Parshat Tzav

Keeping the fire burning- Parshat Tzav

In this week’s parsha Tzav the Torah continues to teach us about the building of the Mishkan. One of the things it touches upon is the Aish Hatamid, the continual fire. The Torah states “the Fire shall be kept burning upon the altar continually; it shall not go out”. The Talmud Yerushalmi adds “continually – even on Shabbat; continually – even in a state of impurity”. This shows the importance of the continual fire, or eternal flame, that it has to be kept burning even on Shabbat and when one is impure.

Why is this fire so special that one must go through challenges to make sure it is kept going?
Every physical aspect of the Mishkan has its counterpart within the soul of a Jew. We can relate the fire to the Jewish heart. Just like the Mishkan’s two outer and inner altars the heart has two physical chambers. It can also represent our outer surface personality and it’s more private inner core. The altar where the continual fire was kept represents the outer part of the Jewish heart. The heart must always show its love for G-d. This applies to the outer part, rather than the inner, because a Jew must be open about revealing that love. Their love for G-d should be obvious and should be shown in their face as they encounter the world. Just as the fire should be kept burning continuously, the fire of a Jews love of G-d must be kept burning and open all the time. When they explore the world and meet new people, it must be apparent that they are Jewish and encounter the world with G-d on their side.

The Talmud Yerushalmi comments “continually- even in a state of impurity”. How is a fire kept burning when a person is spiritually impure?
Sometimes people travel so far off the path that they feel they have no link to G-d. This is who the Talmud Yerushalmi is talking about. To this the Talmud adds, “It shall not go out- even in a state of impurity”. Even when you travel so far from believing you still have a little spark that helps to keep you going. This spark is just waiting for you to add fuel to the fire again. In order for the spark to come back into a flame the spark must be continual. You must have the strength to say no to the negatives. This strength is fueled by a constant attachment to Torah and to Mitzvot. Only doing these things “once” or “sometimes” is not good enough, the fire will eventually die down and be nothing. You have to constantly be striving to have this fire in your life, it isn’t something handed to you. People in this physical world have to be constantly fighting to overcome their yetzer hara, and keep the fire of faith and Torah Mitzvot going.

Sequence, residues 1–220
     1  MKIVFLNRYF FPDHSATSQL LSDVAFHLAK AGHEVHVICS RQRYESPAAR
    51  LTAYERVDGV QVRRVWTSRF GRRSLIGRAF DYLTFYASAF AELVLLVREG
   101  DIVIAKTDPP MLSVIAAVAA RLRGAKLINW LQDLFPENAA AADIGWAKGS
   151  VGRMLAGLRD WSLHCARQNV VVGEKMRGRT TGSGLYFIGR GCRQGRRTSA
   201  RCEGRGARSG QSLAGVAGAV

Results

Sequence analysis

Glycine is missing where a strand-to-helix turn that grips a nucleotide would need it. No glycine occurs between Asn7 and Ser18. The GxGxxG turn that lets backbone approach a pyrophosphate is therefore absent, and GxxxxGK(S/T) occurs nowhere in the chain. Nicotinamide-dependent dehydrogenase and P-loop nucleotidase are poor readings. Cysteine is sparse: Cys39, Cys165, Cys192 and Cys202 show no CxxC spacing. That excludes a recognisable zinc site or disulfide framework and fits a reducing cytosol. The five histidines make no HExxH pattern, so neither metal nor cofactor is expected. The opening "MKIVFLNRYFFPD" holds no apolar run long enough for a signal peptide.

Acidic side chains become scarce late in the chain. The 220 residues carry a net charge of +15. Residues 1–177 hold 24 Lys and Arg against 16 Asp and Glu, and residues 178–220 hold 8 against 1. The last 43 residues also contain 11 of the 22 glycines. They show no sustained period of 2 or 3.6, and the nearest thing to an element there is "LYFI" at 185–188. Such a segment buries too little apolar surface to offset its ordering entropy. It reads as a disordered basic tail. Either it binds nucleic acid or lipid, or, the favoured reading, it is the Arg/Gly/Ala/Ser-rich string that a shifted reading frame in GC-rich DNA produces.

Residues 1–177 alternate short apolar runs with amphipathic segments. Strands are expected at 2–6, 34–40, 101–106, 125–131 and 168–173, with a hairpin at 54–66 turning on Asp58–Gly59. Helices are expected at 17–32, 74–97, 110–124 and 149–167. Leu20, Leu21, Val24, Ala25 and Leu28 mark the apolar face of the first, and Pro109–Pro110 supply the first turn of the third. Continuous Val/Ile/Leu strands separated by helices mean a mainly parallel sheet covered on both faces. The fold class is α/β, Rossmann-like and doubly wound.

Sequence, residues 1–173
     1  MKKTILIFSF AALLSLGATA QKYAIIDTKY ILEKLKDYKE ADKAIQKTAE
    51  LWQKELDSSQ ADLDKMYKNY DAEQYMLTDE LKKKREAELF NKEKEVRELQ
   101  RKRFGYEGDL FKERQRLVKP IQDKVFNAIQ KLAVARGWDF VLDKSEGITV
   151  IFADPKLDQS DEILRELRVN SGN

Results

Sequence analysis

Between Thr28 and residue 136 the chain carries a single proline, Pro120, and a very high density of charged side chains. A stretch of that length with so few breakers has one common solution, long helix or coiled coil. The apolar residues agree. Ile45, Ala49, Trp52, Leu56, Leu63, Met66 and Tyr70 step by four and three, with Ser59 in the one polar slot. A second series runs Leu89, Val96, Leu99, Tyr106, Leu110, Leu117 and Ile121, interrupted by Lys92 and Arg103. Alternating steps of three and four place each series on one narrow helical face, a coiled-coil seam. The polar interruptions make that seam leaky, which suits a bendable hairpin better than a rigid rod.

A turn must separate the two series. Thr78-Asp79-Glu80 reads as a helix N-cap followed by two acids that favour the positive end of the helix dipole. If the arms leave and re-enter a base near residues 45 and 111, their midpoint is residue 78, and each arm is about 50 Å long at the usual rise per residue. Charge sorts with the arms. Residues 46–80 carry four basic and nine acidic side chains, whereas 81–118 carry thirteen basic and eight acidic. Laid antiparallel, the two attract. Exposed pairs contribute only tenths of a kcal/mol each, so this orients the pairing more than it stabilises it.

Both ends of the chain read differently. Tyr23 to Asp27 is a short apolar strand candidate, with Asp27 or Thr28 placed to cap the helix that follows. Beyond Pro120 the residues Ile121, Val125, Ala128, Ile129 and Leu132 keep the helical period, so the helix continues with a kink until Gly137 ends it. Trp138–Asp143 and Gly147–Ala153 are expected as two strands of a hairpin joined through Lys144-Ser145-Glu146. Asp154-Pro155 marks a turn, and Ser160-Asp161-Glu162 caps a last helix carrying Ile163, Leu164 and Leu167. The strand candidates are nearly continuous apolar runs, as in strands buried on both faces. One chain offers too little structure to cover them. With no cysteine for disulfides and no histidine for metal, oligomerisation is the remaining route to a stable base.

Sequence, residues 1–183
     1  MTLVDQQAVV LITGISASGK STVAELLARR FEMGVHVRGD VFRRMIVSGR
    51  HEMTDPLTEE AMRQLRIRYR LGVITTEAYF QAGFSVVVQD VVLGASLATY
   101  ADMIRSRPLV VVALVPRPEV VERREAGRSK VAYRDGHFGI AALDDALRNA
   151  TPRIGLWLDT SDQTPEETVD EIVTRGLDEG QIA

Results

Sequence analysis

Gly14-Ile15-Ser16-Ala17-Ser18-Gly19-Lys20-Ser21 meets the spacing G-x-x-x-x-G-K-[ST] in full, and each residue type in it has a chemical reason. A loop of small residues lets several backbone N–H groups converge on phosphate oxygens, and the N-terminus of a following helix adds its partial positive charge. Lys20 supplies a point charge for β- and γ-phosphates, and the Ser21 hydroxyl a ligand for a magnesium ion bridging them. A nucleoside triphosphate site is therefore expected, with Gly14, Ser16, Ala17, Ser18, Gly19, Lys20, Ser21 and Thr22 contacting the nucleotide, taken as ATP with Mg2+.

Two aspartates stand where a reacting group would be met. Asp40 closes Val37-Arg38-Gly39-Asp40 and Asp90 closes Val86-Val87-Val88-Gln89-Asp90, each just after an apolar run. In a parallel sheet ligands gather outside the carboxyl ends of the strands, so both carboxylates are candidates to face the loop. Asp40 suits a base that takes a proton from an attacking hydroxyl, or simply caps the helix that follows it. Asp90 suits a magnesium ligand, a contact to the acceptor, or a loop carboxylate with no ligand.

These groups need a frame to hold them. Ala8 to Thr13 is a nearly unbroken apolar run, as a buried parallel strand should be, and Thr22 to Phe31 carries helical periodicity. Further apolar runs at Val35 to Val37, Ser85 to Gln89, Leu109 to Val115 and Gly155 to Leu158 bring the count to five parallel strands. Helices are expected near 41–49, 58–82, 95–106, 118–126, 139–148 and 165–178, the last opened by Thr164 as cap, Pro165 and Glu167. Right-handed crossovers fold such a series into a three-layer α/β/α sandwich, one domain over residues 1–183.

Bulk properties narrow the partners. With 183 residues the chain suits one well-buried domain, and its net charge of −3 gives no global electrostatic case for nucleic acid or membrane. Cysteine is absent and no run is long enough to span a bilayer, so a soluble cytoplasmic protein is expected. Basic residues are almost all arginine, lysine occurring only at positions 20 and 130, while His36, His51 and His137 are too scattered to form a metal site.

The continual fire, which was man-made, is the place where Heaven descends. Even though this fire comes from Heaven, it needs man to bring it into this physical world and sustain it. In this world there are limits as to what man can achieve and do on his own. As humans our acts are bounded by time and physical boundaries. To become eternal something Divine must also be involved. As work of man the Mishkan was being constructed and taken apart, because it was work of man it could not last. But on the eighth day the Divine presence descended and then it became a permanent structure.

The flame is also a physical reminder of G-d, something that we can look at and not just have to imagine. This helps us as Jews concentrate on remembering the right things to do. It shows us that G-d is with us all the time, the same way that the fire never stops burning. In our service to G-d we must make sure that the continual fire is burning in us. We can learn Torah and fulfill mitzvoth but without the fire, the Divine presence will not dwell in us. We have to constantly fight the physical world and all the influences involved in it to make this connection with G-d. We have to keep this connection constant and make sure the fire never flickers, make sure it stands strong. This continual fire in a human brings down the fire from heaven; this in return brings G-d into the world, and draws the infinity into the dimensions of the finite.

Student Studying in Machon Maayan